On November 28, 2017, CMS implemented a new inspection process and Phase 2 of the revised Requirements for Participation for long-term care facilities. Due to the differing standards and processes between those facilities inspected under the new inspection process compared to prior inspections, CMS temporarily held constant, or “froze,” the health inspection star rating for nursing homes. We did not include the results from inspections conducted on or after November 28, 2017 in a facility’s overall star rating. Inspections conducted after November 28, 2017 were posted to the website but not included in the star rating. This “freeze” began in February 2018 and was planned to last roughly a year, as most facilities would be inspected for compliance with Phase 2 requirements within one year of the November 28, 2017 implementation date. For more information, see CMS memorandum S&C 18-04-NH
During this time, CMS has conducted in-depth analyses to assess if changes to the Five Star health inspection rating’s methodology was necessary. Our analysis found that the average number of deficiencies cited on inspections under the old process compared to the new process has remained relatively consistent, with slightly more deficiencies cited on new inspections (this is expected due to the slight increase in number of requirements). Based on these findings, in April 2019, we will end the freeze and begin including inspections of facilities conducted on or after November 28, 2017 into a facility’s overall star rating calculation. Ratings will again be based on three cycles of inspections (the three most recent standard inspections and any complaint inspections occurring within the past three years). The cycles will return to pre- “freeze” weightings, with the most recent period (cycle 1) assigned a weighting factor of 1/2, the previous period (cycle 2) with a weighting factor of 1/3, and the third period (cycle 3) having a weighting factor of 1/6 of the health inspection score. Separately, we are suppressing the star ratings for Special Focus Facilities (SFFs) (approximately 90). SFFs are nursing homes that have had a history of serious quality issues and are included in a special program to stimulate improvements in their quality of care. These facilities will still be identified by an icon and text indicating their status as an SFF; however, their star ratings will not be displayed. We believe suppressing ratings for these facilities will reduce confusion and help consumers understand the current status of each facility’s quality. More information about the SFF program can be found at https://www.cms.gov/Medicare/Provider-Enrollment-andCertification/CertificationandComplianc/Downloads/SFFList.pdf.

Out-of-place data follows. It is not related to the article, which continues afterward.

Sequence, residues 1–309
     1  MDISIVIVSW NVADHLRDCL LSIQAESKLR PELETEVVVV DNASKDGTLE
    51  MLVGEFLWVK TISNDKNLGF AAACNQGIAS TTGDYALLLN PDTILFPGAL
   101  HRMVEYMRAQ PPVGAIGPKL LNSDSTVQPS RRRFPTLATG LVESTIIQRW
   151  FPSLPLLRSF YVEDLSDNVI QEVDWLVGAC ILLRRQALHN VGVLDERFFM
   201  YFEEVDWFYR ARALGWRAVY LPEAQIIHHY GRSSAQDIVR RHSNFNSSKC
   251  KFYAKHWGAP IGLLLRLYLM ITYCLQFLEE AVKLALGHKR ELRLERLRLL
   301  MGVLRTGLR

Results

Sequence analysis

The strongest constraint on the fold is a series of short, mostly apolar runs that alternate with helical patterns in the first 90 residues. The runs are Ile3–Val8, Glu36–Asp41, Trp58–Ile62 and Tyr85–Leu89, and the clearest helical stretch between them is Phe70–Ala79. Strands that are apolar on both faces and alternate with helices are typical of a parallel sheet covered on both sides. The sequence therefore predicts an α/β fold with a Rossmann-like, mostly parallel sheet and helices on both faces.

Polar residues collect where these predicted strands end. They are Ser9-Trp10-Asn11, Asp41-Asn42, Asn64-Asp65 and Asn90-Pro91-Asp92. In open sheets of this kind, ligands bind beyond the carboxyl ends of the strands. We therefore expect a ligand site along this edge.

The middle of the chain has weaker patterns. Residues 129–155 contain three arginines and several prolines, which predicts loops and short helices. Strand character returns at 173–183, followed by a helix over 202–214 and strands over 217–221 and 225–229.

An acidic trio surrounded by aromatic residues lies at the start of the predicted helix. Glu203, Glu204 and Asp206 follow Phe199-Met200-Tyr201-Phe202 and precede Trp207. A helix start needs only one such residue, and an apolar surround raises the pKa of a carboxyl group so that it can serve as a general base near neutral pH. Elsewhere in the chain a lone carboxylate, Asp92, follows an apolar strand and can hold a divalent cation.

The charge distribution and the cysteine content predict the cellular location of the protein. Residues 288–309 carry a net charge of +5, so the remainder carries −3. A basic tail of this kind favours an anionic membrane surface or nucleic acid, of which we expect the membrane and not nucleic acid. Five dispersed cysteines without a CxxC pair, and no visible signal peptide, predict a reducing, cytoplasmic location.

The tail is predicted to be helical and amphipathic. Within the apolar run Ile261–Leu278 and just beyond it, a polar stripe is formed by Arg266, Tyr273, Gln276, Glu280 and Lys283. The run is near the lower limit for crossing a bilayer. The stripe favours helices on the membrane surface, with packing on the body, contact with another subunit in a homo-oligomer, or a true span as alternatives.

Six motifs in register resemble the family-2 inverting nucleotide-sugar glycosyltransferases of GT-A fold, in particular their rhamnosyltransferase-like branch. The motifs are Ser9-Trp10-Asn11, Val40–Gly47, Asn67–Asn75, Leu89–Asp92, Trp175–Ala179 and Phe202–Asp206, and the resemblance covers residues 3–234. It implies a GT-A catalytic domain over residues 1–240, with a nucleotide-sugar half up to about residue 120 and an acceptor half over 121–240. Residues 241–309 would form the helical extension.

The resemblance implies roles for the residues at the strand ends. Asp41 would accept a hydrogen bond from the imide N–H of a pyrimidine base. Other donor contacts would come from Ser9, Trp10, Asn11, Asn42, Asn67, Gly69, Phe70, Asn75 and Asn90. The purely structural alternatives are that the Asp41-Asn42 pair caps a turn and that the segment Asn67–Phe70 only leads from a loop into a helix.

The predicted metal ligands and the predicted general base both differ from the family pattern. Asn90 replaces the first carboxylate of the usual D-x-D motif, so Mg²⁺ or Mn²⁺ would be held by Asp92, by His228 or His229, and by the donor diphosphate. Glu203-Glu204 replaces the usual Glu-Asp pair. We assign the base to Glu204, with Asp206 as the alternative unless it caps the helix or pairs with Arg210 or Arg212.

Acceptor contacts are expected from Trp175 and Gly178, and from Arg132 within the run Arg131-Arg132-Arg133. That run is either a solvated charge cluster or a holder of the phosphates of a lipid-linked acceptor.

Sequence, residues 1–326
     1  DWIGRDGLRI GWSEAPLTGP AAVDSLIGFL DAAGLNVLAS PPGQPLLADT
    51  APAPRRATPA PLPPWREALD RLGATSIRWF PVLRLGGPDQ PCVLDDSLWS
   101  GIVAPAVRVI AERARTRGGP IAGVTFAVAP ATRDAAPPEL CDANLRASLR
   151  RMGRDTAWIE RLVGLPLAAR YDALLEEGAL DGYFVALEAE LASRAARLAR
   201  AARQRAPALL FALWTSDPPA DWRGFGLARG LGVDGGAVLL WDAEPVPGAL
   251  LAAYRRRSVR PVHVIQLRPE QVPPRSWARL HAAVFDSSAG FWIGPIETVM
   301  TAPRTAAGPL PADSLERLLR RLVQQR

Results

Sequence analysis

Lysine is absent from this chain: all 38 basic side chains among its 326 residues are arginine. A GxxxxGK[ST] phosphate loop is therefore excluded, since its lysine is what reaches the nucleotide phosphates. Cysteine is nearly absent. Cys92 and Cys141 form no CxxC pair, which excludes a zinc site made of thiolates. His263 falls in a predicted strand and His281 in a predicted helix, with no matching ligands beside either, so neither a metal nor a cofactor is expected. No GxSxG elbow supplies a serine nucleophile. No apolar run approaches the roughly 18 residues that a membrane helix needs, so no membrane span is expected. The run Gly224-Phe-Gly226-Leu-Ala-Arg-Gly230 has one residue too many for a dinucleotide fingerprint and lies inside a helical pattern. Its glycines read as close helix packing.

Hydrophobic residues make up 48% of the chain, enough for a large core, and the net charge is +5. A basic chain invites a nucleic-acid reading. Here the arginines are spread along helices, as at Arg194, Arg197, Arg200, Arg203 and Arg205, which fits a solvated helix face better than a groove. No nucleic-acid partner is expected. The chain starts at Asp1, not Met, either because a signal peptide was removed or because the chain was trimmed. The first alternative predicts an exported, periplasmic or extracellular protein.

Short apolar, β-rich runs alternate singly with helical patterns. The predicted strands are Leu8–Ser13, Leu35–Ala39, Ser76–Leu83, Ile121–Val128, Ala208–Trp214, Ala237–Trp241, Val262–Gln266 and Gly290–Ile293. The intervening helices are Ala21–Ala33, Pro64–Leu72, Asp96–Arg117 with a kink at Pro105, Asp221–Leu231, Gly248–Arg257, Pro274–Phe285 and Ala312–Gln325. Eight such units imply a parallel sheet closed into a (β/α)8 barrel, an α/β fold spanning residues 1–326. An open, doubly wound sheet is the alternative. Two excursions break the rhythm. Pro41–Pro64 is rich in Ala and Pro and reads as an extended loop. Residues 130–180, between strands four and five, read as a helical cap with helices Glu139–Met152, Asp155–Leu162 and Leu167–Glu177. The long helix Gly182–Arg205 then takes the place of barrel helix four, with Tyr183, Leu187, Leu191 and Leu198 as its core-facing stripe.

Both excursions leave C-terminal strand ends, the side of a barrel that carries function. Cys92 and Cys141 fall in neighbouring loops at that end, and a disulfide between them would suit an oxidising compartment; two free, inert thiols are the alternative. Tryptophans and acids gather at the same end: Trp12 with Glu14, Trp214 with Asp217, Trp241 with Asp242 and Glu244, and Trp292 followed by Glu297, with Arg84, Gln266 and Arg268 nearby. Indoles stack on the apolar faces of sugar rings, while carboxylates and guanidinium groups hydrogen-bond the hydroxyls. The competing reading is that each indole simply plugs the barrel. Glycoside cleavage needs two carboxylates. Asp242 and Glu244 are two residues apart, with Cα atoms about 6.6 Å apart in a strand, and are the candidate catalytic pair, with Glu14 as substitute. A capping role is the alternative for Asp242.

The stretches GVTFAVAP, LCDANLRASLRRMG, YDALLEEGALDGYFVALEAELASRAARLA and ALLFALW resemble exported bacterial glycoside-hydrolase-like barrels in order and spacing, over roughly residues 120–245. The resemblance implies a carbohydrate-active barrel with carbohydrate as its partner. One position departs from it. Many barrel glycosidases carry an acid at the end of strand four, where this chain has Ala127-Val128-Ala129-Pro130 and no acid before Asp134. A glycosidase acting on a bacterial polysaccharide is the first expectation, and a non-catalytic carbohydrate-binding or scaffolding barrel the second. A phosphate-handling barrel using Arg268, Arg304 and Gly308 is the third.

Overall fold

Quality Measure Domain
The April 2019 update includes the following improvements to the QM rating domain.
- Short-stay and long-stay ratings: Generally, there are two groups of residents in nursing homes: short-stay and long-stay residents. While every nursing home resident has their own individual needs and goals, the overarching goal of the short-stay residents is typically aimed at improving their health status so they can return to their previous setting. Conversely, the main goal of long-stay residents is typically aimed at maintaining or attaining their highest practicable well-being while residing long term in the facility. To help consumers better understand the level of quality each nursing home provides to these two groups, we are creating separate short-stay and long-stay QM ratings. Each facility will continue to have an overall QM rating, which will be used to calculate the overall nursing home star rating. The overall QM rating will be equally based on the short-stay and long-stay quality ratings.